Analog forestry was developed by a group of scientists and researchers led by Dr. Ranil Senanayake in 1980 at the Belipola Arboretum, Bandarawela located in the central foot hills of Sri Lanka.
During the 1980's approaches to reforestation both in Sri Lanka and around the world were primarily influenced by methodologies sourced from industrial forestry of the time. Emphasis on growth and production were the main drivers of this industrial model, this meant that finer aspects of forestry that are important in the context of rural communities, reliant upon Non-Timber Forest Products(NTFP's) and biodiversity habitat enhancement were not considered. Exotic Eucalyptus, Pinus and Alstonia species were used by the Forest authorities to meet local demand for bio- mass. However these species proved to be detrimental to the native watersheds with many small catchments drying up and erosion and degradation impacting local systems.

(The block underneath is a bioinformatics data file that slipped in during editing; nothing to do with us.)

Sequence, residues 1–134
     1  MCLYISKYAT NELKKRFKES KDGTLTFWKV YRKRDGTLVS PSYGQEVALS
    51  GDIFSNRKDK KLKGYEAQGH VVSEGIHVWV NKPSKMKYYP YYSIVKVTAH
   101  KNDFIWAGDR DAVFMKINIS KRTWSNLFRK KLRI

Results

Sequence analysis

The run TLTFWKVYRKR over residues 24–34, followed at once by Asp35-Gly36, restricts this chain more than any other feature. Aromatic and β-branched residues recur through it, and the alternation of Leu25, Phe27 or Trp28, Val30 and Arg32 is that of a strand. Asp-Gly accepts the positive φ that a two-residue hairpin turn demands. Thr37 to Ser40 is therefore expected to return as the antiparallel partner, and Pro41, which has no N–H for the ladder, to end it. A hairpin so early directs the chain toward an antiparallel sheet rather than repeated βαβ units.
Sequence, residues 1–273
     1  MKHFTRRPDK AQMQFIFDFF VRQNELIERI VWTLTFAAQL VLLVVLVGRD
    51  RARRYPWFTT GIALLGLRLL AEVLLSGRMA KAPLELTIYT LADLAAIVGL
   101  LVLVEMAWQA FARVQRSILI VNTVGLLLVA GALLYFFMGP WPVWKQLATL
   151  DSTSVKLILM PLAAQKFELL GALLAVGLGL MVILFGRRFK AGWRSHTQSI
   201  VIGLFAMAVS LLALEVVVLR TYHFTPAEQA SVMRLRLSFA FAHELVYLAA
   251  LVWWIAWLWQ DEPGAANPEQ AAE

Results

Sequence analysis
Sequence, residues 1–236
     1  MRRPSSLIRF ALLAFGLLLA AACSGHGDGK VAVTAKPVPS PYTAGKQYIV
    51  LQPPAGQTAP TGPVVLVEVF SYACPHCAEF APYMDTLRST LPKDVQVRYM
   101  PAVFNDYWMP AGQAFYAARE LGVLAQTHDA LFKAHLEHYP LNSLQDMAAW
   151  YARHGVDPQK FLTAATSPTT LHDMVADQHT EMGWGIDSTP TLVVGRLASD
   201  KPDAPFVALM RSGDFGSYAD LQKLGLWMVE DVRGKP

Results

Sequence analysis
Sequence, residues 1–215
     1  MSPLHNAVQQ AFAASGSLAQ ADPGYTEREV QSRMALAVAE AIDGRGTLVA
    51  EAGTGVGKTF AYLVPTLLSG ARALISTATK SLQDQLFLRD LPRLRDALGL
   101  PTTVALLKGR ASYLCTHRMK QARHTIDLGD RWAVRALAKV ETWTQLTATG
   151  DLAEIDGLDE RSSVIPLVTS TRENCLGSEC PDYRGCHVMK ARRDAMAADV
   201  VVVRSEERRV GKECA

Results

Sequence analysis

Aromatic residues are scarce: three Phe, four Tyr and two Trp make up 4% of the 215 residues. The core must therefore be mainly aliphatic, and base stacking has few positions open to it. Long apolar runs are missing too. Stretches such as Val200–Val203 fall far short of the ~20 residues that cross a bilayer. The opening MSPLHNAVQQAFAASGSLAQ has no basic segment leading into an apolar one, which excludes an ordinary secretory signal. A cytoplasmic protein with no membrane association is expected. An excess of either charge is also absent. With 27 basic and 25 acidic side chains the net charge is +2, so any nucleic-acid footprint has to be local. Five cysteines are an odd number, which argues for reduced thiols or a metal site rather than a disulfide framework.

Analog forestry was conceptualized at this time to meet the challenges brought about by conventional thinking to forestry. The main principle of Analog forestry is to work on bringing the natural vs. anthropogenic needs back to harmony.
This objective was reached through design approaches to reforestation which have been influenced by natural systems. As indicated in the schematic below Analog Forestry is guided and influenced by the structure and function of the natural forest.
Forests for the future a study of rainforest conservation in Sri Lanka